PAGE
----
Vodacom and MTN have come under fire from the Competition Commission for their high mobile data prices, with the threat of prosecution if things do not change.
The Commission said Vodacom and MTN can cut their mobile data prices by 30% to 50%, and stated all mobile operators should provide basic free data to all South Africans.
Vodacom and MTN must also independently reach an agreement with the Commission on a reduction in the headline prices of all sub-500MB 30-day prepaid data bundles.
Siyabonga Mahlangu, group executive of regulatory affairs at Telkom, warned that these and other interventions proposed by the Competition Commission are dangerous.
Mahlangu said Telkom is very worried about the Competition Commission’s recommendations, as some of them are unconventional and can have far-reaching effects.
He highlighted that the Competition Commission had a big impact on telecoms shares, with Vodacom, MTN, and Telkom losing billions in value.
This has a knock-on effect on pension funds and trust in the economy, which means ordinary citizens are losing money.
Mahlangu added that South African telecommunications companies are supporting many other industries, including sports sponsorships which are now at risk.
He said the Competition Commission’s recommendations put jobs at risk as they will directly impact the mobile operators’ bottom line.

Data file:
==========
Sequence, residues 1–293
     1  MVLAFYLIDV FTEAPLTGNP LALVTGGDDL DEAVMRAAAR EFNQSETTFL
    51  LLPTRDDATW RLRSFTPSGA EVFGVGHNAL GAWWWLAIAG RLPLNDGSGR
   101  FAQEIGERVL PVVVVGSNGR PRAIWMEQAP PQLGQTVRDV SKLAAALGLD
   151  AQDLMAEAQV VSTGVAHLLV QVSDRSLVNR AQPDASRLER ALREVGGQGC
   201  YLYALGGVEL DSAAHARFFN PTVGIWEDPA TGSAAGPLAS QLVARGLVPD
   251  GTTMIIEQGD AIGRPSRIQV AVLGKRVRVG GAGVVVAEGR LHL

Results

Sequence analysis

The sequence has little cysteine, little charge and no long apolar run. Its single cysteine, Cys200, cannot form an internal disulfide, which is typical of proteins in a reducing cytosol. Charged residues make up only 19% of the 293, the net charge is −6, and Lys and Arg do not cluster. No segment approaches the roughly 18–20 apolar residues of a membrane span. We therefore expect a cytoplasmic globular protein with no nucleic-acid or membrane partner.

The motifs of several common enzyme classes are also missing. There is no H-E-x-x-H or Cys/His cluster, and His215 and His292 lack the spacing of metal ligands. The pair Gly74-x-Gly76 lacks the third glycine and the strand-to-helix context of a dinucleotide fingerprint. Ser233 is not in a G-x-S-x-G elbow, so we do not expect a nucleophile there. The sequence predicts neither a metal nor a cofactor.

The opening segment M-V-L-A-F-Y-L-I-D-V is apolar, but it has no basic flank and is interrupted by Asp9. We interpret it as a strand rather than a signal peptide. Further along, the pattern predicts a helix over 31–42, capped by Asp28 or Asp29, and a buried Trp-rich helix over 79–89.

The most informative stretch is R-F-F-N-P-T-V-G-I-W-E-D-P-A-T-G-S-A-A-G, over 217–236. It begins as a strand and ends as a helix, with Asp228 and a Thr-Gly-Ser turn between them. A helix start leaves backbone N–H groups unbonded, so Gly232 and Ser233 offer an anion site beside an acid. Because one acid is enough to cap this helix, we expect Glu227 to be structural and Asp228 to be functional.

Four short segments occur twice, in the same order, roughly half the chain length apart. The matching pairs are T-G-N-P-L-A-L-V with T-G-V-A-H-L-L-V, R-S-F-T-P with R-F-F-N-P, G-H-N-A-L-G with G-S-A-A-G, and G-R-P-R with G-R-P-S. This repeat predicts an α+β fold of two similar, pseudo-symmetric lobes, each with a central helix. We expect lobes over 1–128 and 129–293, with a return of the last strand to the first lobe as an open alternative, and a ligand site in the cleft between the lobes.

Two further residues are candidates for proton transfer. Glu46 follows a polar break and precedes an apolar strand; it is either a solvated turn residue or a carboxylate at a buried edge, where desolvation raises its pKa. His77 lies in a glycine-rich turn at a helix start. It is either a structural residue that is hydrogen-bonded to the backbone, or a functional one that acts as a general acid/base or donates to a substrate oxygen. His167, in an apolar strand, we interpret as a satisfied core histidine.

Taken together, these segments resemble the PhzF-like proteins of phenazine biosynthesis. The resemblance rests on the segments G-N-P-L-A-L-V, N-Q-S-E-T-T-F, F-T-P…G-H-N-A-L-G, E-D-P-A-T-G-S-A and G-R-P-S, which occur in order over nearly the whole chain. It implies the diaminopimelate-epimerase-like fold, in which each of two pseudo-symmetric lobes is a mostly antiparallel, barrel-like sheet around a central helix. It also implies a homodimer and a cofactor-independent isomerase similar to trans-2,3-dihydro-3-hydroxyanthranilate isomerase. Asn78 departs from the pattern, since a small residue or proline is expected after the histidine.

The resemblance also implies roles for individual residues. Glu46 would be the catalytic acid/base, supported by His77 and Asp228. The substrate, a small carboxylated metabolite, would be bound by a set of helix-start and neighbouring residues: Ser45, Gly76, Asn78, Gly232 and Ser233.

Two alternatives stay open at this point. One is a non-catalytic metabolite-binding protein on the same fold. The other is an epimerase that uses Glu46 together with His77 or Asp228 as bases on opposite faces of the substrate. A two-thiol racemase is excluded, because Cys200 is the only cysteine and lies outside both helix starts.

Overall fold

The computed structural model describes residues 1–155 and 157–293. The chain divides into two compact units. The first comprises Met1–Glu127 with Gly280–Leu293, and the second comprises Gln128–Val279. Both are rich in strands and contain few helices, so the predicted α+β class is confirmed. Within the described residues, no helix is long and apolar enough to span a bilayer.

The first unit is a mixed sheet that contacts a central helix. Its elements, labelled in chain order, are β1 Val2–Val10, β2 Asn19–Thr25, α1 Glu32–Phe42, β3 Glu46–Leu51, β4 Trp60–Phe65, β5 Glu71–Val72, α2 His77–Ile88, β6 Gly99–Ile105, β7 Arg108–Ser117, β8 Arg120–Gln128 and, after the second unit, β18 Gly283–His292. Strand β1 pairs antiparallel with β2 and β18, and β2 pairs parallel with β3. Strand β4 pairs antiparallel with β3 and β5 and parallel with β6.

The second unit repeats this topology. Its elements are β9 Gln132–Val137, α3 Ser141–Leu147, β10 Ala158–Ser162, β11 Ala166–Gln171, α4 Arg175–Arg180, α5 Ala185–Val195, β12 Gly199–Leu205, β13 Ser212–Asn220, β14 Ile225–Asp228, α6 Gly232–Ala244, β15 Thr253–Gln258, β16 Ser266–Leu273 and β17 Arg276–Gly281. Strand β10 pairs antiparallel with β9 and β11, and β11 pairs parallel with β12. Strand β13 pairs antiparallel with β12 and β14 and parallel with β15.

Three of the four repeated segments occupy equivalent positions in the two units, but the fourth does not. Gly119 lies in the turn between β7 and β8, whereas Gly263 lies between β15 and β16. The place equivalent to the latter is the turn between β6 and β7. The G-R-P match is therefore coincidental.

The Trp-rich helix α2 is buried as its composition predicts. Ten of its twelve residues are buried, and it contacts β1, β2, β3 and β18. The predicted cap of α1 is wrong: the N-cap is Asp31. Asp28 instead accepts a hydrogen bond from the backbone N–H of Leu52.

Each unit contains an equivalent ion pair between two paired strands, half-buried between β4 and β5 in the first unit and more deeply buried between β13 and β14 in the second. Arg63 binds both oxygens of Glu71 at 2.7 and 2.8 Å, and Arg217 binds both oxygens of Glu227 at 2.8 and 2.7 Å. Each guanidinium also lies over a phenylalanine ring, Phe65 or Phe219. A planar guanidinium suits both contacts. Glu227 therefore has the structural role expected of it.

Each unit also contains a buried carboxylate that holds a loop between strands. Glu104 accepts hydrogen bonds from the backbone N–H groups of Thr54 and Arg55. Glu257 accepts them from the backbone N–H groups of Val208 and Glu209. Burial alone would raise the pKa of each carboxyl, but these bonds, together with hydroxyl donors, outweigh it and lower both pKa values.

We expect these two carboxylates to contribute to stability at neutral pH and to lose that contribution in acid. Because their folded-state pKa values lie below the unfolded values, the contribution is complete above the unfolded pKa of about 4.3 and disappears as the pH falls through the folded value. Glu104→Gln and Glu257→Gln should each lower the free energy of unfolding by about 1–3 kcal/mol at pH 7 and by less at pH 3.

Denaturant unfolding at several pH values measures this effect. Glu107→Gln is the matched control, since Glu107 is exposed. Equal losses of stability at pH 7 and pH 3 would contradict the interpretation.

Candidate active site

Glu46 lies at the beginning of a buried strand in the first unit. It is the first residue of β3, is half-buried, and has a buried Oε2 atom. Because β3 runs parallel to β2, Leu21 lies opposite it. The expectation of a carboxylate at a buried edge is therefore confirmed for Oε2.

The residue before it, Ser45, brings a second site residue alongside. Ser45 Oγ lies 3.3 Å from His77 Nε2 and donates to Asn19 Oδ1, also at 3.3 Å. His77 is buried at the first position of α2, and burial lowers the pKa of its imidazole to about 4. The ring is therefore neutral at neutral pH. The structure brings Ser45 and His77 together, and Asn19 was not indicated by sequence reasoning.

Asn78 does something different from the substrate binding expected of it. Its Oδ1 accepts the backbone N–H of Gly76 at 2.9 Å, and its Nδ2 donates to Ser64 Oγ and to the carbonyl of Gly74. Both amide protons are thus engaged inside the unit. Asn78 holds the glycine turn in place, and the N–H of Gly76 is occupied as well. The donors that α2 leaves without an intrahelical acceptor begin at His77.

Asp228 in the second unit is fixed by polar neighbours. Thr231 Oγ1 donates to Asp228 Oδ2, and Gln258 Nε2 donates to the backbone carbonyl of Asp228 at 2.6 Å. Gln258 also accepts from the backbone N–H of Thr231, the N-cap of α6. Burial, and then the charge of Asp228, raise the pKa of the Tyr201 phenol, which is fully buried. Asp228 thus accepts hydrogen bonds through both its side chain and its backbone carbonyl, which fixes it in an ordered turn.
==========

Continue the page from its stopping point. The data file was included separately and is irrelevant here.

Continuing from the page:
Lots of tax revenue
Apart from the impact on Vodacom, MTN and Telkom’s bottom line, these interventions can also hurt tax revenues.
Vodacom and MTN are two of South Africa’s most successful companies, and they contribute billions to tax each year.
According to Vodacom’s latest financial report, it paid R13.157 billion in tax in the last financial year.
MTN paid R5.430 billion in corporate tax alone, with far more contributed in taxes related to staff and other factors.
This means the two large mobile operators fund the grants of millions of poor South Africans, helping them to put food on the table and look after their kids.
Instead of threatening the profits of Vodacom and MTN through interventions like forced price cuts and free data, pro-competition measures are a more constructive way to address high prices.
OECD telecoms analyst Taylor Reynolds said competition is by far the best way to lower broadband prices in South Africa.
Reynolds said aggressive price reductions and better services in the market are always a result of competition.
South Africa’s mobile broadband market has many infrastructure players, with Vodacom, MTN, Cell C, Telkom, and Rain operating networks.
However, more can be done to increase competition in the mobile space:
- Assign more spectrum to the operators, which will lower investment costs and let them cut data prices.
- Make it easier for operators to roll out networks, which lowers operational costs and helps new players.
- Make it more affordable for ISPs to offer mobile data services, which will fuel competition.
The effect of competition on broadband prices can be seen in the ADSL market, where prices remained high for years, but plummeted after ISPs were allowed to enter the market.